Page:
Rodney Whatley was convicted of malice murder and aggravated assault. 1
Although the State sought the death penalty, the jury fixed punishment at life imprisonment. Whatley appeals, asserting, inter alia, the trial court erred in allowing evidence of a photographic identification. We find no error and affirm.
Viewed in a light most favorable to the State, we find the following: Ms. Virginia Sanders was sitting in her automobile outside of a supermarket. Whatley approached and ordered her out of the car at gunpoint. He dragged Sanders to the rear of the vehicle and severely beat her by slamming her head and face into the trunk of the car. When a nineteen-year-old supermarket employee attempted to help Sanders, Whatley fired a .25 caliber handgun at him five times, striking him twice. The victim died shortly thereafter.
Whatley's fingerprints were found inside and outside of Sanders' car. Sanders picked Whatley out of a photographic array and identified him in court as the assailant.
1. The evidence was sufficient to enable any rational trier of fact to find Whatley guilty of the offenses for which he was convicted beyond a reasonable doubt. Jackson v. Virginia, 443 U. S. 307 (99 SC 2781, 61 LE2d 560) (1979).
2. The trial court properly admitted into evidence the photographic identification by Virginia Sanders.
In determining whether a pretrial identification or subsequent in-court identification should be suppressed, courts must consider whether the identification procedure was impermissibly suggestive. Neil v. Biggers, 409 U. S. 188, 199 (93 SC 375, 34 LE2d 401) (1972); Payne v. State, 233 Ga. 294
, 299 (210 SE2d 775
) (1974). Although Whatley contends that his photograph was distinguishable from the others in the array, and unduly suggestive because he is dressed in what appears to be a prison uniform and plastic bracelet, the photograph belies this contention.
Whatley was photographed from the waist up, and his shirt did not contain prison numbers or letters identifying a jail. Jones v. State, 251 Ga. 361
, 362 (306 SE2d 265
) (1983). The clothes he wore were indistinguishable from street clothing. See Byrd v. State, 255 Ga. 674
, 675 (341 SE2d 453
) (1986). Likewise, the plastic bracelet he wore was barely visible and did not suggest that Whatley was photographed in prison. Moreover, Whatley's photo was not distinct from the others. All five men in the photographs are similar to Whatley in appearance.
Since the identification procedure was not unduly suggestive, we need not consider whether there was a substantial likelihood of irreparable misidentification. Payne v. State, supra at 300.
It is the challenging party's burden to make out a prima facie case of purposeful discrimination by showing that "the totality of the relevant facts gives rise to an inference of discriminatory purpose." Batson v. Kentucky, 476 U. S. 79, 94 (106 SC 1712, 90 LE2d 69) (1986); Gamble v. State, 257 Ga. 325 (357 SE2d 792) (1987)
. If a prima facie case is established, " 'the burden shifts to the (proponent of the strike) to articulate a race neutral explanation for striking the jurors in question.' [Cit.]" Jackson v. State, 265 Ga. 897
, 898 (463 -SE2d 699) (1995). However, " 'the ultimate burden of persuasion regarding racial motivation rests with, and never shifts from the opponent of the strike.' " Id., citing Purkett v. Elem, ---- U. S. ---- (115 SC 1769, 131 LE2d 834) (1995), rehearing denied, ---- U. S. ---- (115 SC 2635, 132 LE2d 874) (1995).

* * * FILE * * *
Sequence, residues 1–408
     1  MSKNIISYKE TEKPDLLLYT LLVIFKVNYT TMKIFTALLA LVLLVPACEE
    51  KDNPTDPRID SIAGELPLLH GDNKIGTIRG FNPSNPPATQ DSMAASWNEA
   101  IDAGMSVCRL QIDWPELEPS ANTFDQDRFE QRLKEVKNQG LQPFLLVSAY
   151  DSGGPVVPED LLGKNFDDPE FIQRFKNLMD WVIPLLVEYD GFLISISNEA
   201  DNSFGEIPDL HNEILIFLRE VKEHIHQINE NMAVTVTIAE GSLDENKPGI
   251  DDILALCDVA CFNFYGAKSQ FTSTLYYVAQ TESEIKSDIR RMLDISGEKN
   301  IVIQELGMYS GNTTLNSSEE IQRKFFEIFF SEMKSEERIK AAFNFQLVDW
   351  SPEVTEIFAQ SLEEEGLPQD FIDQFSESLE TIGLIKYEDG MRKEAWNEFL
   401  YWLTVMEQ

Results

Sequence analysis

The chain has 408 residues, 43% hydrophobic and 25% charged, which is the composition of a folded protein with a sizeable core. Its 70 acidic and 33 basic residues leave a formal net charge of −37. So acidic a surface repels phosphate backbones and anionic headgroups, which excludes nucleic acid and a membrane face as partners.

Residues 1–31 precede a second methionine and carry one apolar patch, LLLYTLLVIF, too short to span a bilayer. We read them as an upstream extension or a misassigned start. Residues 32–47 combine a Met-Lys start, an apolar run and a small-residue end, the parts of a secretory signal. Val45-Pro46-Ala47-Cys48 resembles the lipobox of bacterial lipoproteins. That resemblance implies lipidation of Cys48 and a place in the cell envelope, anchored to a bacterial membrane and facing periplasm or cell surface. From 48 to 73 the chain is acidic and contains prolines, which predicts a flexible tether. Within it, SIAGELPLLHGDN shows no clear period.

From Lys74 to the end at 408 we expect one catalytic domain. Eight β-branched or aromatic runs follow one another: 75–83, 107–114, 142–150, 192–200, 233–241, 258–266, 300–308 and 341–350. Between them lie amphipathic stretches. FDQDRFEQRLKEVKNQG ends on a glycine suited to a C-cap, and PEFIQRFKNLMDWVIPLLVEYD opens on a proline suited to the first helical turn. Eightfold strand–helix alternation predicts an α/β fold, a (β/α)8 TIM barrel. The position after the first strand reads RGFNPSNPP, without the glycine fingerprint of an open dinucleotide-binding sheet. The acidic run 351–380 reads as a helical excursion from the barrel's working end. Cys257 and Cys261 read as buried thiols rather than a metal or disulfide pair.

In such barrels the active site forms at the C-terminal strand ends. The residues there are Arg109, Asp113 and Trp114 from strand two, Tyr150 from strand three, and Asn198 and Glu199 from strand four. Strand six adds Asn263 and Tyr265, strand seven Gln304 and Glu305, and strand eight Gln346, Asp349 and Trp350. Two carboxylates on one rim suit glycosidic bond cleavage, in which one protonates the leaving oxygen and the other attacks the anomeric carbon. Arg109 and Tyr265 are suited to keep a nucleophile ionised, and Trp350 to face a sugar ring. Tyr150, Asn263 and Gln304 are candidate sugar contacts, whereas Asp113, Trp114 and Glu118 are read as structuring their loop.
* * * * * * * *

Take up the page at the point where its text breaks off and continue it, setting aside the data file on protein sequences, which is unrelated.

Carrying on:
The state struck six black jurors because they expressed their opposition to capital punishment. As to the other two black jurors, the state struck one because she was young, unemployed, had few life experiences, and was unable to keep a steady job. The other black juror was struck because she had heard something about the case and felt sympathy for the defendant.
The explanations given for the state's strikes were concrete, tangible and race-neutral. Davis v. State, 263 Ga. 5
, 8 (10) (426 SE2d 844
) (1993). A prospective juror's conscientious aversion to the imposition of the death sentence is an adequate reason to justify a strike in a death penalty case. Id.; Tharpe v. State, 262 Ga. 110
, 112 (6) (416 SE2d 78
) (1992). Likewise, a prospective juror's age, lack of employment, and familiarity with the defendant, can justify the state's exercise of a peremptory strike. See Lingo v. State, 263 Ga. 664
, 668, n. 4 (437 SE2d 463
) (1993); Bess v. State, 187 Ga. App. 185
, 186 (369 SE2d 784
) (1988). We find no error in the trial court's denial of Whatley's Batson motion. Chandler v. State, 266 Ga. 509
(---- SE2d ----) (1996); Jackson v. State, supra.
4. Whatley claims to have received ineffective assistance of counsel because his counsel failed to properly investigate certain aspects of his case. In this regard, Whatley asserts his counsel failed to locate or call certain witnesses to testify on his behalf.
To prove ineffective assistance of counsel, it was incumbent upon Whatley to show that defense counsel's performance was deficient and that this deficiency prejudiced his defense. Strickland v. Washington, 466 U. S. 668 (104 SC 2052, 80 LE2d 674) (1984). Contrary to Whatley's assertions, his counsel investigated all the relevant aspects of Whatley's case, making every effort to locate witnesses identified by Whatley. Her decision not to call certain witnesses to the stand was reasonable, since they would have given testimony prejudicial to Whatley's defense.
Whatley failed to show that his counsel's performance fell below an objective standard of reasonableness, Kidwell v. State, 264 Ga. 427
, 433 (444 SE2d 789
) (1994), or that further investigation was likely to have produced a different outcome at trial. Hammond v. State, 264 Ga. 879
, 880 (452 SE2d 745
J. Tom Morgan, District Attorney, J. Michael McDaniel, Niria L. Dominguez, Assistant District Attorneys, Michael J. Bowers, Attorney General, Beth Attaway, Assistant Attorney General, for appellee.